Permit verification systems

Permit verification systems can quickly help to identify potential fraudsters without the need for officers to check all parked cars in the city. They can also pinpoint the zones where fraud happens the most. Software such as Pondera’s Fraud Detection as a Service (FDaaS), a Google-powered, cloud-based analytics solution, uses machine-learning and geospatial mapping in order to uncover new and emerging methods of fraud.

It sifts through massive local government data sets to identify:

  • data anomalies,
  • suspicious activities,
  • potential collusion,
  • and trends or changes over time.

These “trends” can then be validated by experts working on the ground. In fact, they can allow councils to dedicate resources to specific people or areas flagged as suspicious, rather than manually scouring the entire city for potential parking fraud.

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Exploiting underused parking spaces

In most major cities, there are a whole host of private car parks that cannot be accessed by the public. Therefore they remain empty for long stretches of time. These can range from private office car parks and hotel car parks to shopping centers and private plots of land. Some of them sit vacant for years in areas with high parking demand. Taking advantage of these empty spots is a great way to give citizens access to a hidden wealth of car-parking spaces. It takes pressure off public resources and offers businesses and individuals new ways of making money.

Peer-to-peer apps such as JustPark and Parklet, allow locals to rent out their driveways to anyone who needs them. This ensure that this “spare” land is always in use and reduce high demand for spaces on surrounding streets.

Other apps, such as Parkbee, use smart technology to open up private car parks to the public. This makes parking easier and more affordable. Increasing the number of legal parking spaces in a city makes citizens less likely to use illegal spaces out of desperation. Aside from providing a cheaper way of parking (making people more willing to pay), some organizations, such as Parkbee, also leave customers no option. Cars are registered through the app and surveillance technologies recognize their number-plate whenever they use a Parkbee space. This means that the customer can only enter or leave the parking zone when the technology recognizes that he has paid… Making fraud impossible. This also increases parking occupancy detection if this technology is linked to the city’s overarching parking management, or city mobility management, platform.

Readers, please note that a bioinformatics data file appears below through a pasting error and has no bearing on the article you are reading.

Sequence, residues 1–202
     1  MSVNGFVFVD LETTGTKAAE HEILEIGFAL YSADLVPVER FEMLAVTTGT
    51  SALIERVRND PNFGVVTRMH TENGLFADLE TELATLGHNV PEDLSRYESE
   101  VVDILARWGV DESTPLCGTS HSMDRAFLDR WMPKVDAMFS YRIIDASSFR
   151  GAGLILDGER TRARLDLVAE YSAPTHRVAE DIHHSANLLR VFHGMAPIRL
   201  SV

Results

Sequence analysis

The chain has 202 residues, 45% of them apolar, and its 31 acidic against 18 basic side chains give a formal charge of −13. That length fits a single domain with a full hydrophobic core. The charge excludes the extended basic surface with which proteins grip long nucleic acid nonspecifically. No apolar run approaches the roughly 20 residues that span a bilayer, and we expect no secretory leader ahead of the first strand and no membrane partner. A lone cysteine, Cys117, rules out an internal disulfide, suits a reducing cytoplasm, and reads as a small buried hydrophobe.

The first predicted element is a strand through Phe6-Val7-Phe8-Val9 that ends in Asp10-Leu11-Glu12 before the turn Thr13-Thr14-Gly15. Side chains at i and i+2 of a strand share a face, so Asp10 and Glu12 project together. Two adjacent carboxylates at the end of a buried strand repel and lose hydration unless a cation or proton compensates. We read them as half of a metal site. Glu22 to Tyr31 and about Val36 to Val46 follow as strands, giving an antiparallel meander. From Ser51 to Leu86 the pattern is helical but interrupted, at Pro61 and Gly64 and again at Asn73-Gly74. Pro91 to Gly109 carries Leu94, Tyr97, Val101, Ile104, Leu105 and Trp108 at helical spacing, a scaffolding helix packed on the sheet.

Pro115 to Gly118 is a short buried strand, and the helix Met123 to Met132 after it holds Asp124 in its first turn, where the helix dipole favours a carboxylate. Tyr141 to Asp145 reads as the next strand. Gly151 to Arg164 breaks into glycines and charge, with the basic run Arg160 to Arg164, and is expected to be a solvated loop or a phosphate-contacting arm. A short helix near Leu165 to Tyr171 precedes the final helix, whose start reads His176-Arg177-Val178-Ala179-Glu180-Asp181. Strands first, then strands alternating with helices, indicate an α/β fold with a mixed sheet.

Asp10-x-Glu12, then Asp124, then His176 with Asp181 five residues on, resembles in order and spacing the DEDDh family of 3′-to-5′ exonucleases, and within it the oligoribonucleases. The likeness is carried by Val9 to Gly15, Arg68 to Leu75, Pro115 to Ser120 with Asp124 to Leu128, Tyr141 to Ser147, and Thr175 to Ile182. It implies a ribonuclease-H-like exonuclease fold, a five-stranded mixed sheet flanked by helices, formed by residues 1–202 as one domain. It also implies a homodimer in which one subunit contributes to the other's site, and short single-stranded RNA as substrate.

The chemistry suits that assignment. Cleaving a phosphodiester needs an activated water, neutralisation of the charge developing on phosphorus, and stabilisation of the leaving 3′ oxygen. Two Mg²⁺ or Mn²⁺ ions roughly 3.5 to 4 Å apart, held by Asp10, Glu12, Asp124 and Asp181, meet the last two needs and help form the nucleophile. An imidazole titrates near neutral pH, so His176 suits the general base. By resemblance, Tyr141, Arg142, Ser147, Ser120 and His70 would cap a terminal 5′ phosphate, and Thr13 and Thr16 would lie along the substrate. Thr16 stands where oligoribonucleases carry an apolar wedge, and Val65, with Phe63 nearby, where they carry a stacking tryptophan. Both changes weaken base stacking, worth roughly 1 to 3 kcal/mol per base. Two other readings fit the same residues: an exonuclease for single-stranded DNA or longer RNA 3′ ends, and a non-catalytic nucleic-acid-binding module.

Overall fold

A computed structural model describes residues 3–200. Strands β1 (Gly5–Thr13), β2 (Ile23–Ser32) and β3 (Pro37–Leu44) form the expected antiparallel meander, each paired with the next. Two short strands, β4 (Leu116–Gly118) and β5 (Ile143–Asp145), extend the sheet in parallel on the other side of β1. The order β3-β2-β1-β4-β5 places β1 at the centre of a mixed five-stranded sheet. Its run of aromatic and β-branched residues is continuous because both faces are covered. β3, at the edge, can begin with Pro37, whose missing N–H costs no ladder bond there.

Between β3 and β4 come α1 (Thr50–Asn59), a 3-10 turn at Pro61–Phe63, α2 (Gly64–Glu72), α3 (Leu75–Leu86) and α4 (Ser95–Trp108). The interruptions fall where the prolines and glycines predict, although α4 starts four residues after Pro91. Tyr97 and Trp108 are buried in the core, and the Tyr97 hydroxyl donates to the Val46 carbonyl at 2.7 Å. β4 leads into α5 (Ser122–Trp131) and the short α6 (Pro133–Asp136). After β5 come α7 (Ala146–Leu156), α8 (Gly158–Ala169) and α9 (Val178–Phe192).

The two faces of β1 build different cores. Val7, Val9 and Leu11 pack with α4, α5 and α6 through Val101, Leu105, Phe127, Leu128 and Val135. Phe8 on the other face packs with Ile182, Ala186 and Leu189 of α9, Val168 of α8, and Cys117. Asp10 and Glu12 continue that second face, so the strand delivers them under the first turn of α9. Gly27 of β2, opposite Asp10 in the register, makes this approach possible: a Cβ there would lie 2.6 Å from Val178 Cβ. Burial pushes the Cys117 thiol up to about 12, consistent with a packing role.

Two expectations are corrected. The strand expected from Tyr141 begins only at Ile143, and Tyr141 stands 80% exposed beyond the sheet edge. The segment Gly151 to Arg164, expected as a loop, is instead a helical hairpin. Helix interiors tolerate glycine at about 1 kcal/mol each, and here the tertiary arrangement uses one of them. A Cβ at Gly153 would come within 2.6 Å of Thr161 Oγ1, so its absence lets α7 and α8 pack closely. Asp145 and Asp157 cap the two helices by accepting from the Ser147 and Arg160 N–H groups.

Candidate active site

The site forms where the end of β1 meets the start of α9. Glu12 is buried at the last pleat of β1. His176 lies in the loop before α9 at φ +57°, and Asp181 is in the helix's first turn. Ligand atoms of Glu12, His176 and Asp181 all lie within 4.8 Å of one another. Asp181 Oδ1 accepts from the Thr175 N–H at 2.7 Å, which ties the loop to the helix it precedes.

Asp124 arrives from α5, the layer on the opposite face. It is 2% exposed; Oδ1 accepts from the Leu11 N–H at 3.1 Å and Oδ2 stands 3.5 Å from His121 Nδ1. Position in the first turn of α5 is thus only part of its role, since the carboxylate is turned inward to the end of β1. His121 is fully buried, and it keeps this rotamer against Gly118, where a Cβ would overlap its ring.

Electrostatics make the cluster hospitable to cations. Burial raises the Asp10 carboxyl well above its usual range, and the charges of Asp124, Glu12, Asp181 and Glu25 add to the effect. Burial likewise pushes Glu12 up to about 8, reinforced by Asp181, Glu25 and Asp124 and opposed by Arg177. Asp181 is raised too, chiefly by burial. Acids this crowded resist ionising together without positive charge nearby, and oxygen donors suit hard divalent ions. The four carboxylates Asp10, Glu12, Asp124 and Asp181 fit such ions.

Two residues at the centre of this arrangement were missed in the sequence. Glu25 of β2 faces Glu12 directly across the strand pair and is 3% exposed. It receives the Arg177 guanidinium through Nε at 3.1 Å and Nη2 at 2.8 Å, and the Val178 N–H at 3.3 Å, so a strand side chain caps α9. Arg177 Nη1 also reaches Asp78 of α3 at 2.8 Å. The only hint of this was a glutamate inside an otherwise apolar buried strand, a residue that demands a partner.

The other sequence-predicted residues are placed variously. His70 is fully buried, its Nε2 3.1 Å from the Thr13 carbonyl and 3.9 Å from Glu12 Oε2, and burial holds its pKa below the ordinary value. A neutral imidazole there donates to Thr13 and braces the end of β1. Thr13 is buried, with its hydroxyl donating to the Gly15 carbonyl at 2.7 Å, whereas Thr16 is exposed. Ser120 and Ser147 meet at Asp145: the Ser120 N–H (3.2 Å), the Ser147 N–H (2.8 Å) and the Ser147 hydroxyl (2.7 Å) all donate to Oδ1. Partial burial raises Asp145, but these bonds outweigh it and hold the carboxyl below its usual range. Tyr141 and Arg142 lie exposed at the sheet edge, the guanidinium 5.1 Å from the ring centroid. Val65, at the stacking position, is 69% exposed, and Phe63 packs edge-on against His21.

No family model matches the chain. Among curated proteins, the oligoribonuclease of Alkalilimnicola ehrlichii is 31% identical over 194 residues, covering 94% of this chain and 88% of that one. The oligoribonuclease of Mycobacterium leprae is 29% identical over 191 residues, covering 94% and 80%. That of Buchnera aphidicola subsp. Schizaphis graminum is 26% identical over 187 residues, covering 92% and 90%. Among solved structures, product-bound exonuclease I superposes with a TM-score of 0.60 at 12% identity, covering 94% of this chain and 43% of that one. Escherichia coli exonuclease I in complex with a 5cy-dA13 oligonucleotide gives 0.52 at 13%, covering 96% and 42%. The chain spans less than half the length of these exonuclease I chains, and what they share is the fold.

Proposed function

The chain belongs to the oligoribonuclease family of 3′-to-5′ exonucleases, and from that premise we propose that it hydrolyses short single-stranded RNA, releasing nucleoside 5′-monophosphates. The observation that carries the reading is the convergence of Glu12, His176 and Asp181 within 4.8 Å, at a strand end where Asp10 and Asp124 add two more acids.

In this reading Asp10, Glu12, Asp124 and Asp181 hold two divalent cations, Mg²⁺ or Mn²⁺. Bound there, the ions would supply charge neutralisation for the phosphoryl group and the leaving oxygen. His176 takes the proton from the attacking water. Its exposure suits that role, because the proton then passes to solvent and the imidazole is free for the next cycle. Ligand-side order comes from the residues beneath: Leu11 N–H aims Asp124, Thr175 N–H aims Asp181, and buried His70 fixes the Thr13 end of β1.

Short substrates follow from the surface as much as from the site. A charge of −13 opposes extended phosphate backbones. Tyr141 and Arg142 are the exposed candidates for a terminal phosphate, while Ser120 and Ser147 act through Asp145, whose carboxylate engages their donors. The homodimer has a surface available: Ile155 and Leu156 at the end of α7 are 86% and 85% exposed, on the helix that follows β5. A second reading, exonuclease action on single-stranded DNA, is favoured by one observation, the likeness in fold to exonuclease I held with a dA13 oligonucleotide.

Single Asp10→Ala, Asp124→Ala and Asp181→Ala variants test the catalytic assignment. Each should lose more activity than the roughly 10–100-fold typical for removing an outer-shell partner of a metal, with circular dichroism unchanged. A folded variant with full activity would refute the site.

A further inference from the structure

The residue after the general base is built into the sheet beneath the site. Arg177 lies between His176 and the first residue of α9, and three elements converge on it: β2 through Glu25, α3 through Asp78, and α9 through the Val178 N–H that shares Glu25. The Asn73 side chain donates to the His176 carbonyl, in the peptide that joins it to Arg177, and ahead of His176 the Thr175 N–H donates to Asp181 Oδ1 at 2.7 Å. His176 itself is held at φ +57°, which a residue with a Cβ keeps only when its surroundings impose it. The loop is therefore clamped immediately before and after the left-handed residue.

City mobility management solutions

City mobility management solutions, which are similar to IoT platforms, go one step further than parking management systems. With an umbrella approach that targets parking, alongside other mobility areas such as traffic flow, critical infrastructure, and construction sites. These systems give cities and transport operators an overview of how the wider urban mobility system is functioning in real-time. This means they can see patterns in the data and create insights in order to implement actions that improve operating efficiency.

Furthermore, through the system’s deep-learning capabilities, cities can receive predictions (e.g. parking occupancy) that enable them to manage demand during peak times. Many modern mobility management systems allow for the integration of existing city operation systems, and mean that all aspects of urban mobility can be managed “under one roof”. Cities can therefore integrate all the different parking management technologies mentioned in this article into one overarching platform.

This solution not only allows the city to see where people are parking and when... But it also gives them the ability to :

  • quickly detect overstaying vehicles,
  • dispatch wardens,
  • and obtain information on historical parking usage.

Like specific parking management systems, mobility management systems also allow for the implementation of flexible pricing strategies based on demand. This increases revenues while also decreasing operational costs, as fewer parking officers are needed to detect fraud.

Building a smart parking ecosystem

Overall, smart technologies are entirely changing the way cities deal with parking issues – from lack of spaces to parking fraud and beyond. They are providing innovative methods for councils and parking operators to recuperate money lost to parking fraud, at a much lower price than traditional methods, such as hiring thousands more parking officers.